In addition, traction control on a car like the Corvette Z06 has different stages like standard, competition, and off. Test drivers for the car have found that it actually performs best in competition mode, because the huge amount of torque the engine has makes it difficult to put down the power without roasting the tires; the TC system helps limit that without being too intrusive.
     
  13. Nov 30, 2009 #12

    minger

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    That sounds glorious. Cup o' joe and a morning read on my way to work. Traffic? What traffic.
     
  14. Nov 30, 2009 #13
    IMHO, the modern electronics have bred a whole generation of driver with very poor skills.
    the ABS system works well, so people stomp the brake at every stop light never anticipating anything less than a perfect stop. a little glitch, computer takes a monent longer, SMASH, wow what happened, sue ford, bendix, autozone and anyone else, cause its not my fault.
    wet road, normally 65mph on a good day, everyone still running 70+ cause of the false sense of security. something happens 10 sets of traction control, and abs better work perfectly, otherwise crash, and law suits. I would like someone to do the calculations of how much current all the management systems use and see how much that drags down HP.
    proper tuning maintainance will yield the same reilability, possible better fuel ecomony, decent emissions and something simple and repairable
    the reason new engines run longer is that the cylinder walls are harder, making the use of hard chrome rings possible
    I hate plastic new cars, airbags, asking the computer permission to turn on the heater, etc
    I get 30 MPG out of my totally stock "al bundy" 72 Dodge dart and never notice the lack of power steering, or power brakes, (but I will upgrade to front discs eventually)
    and its all steel made to take a 5 mph impact with no damage...bring on the crumple zones...lol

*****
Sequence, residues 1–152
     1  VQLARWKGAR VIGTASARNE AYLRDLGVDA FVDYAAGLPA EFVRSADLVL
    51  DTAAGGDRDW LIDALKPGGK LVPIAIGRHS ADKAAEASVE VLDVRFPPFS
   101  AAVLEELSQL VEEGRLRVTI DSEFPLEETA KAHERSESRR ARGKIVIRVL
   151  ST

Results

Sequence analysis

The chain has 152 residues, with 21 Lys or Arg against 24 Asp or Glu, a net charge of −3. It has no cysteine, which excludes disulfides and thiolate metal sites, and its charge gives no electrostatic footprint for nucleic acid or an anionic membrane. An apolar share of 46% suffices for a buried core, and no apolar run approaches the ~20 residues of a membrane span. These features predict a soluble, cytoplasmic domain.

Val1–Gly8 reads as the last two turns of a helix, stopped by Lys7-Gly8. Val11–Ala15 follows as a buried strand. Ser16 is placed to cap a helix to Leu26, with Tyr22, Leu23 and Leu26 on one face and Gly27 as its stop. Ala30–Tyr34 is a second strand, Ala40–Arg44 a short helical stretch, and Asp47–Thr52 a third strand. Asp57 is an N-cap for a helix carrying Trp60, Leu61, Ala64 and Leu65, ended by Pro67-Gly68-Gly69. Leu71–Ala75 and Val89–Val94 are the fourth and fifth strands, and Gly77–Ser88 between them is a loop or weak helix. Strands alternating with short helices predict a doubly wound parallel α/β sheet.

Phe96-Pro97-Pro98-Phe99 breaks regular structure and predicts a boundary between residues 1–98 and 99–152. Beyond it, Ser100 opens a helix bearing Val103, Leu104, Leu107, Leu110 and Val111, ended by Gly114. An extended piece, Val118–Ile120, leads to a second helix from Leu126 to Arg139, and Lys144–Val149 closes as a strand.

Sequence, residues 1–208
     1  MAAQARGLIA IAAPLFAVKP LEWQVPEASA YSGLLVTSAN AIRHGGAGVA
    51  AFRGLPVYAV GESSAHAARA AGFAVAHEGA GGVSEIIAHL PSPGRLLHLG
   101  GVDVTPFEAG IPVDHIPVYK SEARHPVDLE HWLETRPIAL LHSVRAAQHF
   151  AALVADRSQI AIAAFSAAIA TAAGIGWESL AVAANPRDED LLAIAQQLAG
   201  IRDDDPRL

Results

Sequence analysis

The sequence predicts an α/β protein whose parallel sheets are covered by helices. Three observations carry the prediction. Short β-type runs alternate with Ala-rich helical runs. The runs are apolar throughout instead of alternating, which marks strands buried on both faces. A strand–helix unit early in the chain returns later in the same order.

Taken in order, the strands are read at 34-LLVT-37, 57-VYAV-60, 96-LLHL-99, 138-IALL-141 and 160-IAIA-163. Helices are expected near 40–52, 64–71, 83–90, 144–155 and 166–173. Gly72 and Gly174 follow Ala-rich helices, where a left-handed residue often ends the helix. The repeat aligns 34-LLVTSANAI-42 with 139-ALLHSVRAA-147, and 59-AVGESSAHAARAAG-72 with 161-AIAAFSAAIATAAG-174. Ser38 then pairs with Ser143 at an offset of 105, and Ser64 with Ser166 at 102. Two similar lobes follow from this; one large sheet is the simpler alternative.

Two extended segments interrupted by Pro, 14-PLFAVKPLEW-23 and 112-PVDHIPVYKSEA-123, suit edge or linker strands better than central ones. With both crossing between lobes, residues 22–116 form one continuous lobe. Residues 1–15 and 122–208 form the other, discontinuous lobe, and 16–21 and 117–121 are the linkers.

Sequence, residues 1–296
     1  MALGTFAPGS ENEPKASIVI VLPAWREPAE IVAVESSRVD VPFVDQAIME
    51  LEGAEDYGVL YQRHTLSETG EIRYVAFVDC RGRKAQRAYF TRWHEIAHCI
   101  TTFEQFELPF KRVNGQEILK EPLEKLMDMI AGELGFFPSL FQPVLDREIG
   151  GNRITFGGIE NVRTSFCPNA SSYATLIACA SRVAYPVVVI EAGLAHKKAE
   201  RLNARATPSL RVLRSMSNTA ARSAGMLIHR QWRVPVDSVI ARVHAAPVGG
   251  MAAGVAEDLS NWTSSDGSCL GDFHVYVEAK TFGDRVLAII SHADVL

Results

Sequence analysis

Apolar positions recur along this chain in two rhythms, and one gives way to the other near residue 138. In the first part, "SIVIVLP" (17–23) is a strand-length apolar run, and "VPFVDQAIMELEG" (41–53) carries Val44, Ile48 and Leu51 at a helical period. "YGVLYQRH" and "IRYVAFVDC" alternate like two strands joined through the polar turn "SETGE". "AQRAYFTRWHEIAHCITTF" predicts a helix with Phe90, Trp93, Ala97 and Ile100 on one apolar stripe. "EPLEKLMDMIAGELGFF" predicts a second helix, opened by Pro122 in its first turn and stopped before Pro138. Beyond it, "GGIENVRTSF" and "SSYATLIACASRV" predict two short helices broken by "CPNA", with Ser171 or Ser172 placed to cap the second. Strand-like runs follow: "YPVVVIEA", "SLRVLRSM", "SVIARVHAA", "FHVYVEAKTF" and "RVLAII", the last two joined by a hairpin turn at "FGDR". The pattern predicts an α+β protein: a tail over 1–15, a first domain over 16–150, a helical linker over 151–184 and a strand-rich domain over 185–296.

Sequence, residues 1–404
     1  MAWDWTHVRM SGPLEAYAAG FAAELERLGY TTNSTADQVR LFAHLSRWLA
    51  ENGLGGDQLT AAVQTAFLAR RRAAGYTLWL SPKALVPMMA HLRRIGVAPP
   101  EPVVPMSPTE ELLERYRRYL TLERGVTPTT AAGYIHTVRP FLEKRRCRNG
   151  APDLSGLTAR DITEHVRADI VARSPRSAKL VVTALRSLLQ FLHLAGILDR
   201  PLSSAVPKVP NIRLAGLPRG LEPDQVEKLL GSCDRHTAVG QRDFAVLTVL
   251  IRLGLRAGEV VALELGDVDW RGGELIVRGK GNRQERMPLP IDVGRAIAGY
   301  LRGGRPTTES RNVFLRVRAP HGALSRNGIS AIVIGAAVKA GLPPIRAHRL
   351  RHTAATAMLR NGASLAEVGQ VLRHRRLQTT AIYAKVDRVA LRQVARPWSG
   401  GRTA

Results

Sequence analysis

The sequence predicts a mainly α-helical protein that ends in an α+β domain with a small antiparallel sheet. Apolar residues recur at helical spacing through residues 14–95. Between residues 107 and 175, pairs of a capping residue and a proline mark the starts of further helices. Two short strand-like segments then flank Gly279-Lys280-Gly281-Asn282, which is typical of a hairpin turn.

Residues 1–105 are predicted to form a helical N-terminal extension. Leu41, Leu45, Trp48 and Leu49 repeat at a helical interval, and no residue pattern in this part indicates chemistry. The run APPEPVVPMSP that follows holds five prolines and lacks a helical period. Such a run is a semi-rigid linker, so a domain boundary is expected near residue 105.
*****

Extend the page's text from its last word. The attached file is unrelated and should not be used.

dr
     
  15. Nov 30, 2009 #14

    Mech_Engineer

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    This just isn't true. The electronic aids available in vehices these days (it appears ABS and TC are the two big ones "purists" don't like) have done nothing but increase safety on the road. An "unskilled" driver with ABS can stop faster in 99% of situations compared to a "skilled" driver without ABS; how is this a bad thing?

    I've known plenty of bad drivers, the electronic aids had nothing to do with their lack of skill.

    This is obviously an exaggeration. It's very rare that a person stops at a red light at the last possible second resulting in an activation of their ABS system. If someone is, they are obviously a menace to the roadways.

    People obviously need to take responsibility for their actions. I'm not seeing how taking ABS away will fix this problem though... It's not like people were safer drivers back in the "good ol' days" because the cars had less electronic aids.

    While they're in monitor mode, the current draw is negligible. All the systems do is compare wheel speed sensors to an accelerometer.

    You're right that rigorous maintenance helps reliability and efficiency significantly. Just because you can't fix it doesn't mean it isn't servicable. I've done lots of work on cars with oxygen sensors, ABS systems, wheel speed sensors, etc. They aren't impossible to figure out, and are surprisingly simple in their fuction.

    Tighter tolerances in machining, better quality control, computer controlled diagnostics, and better oils have played a large part in that as well.

    So basically you hate stuff that's newer than the 70's, is that what I'm hearing? What could you possibly have against air bags?! Apparently if it wan't in a car in 1973, it shouldn't be in a car now...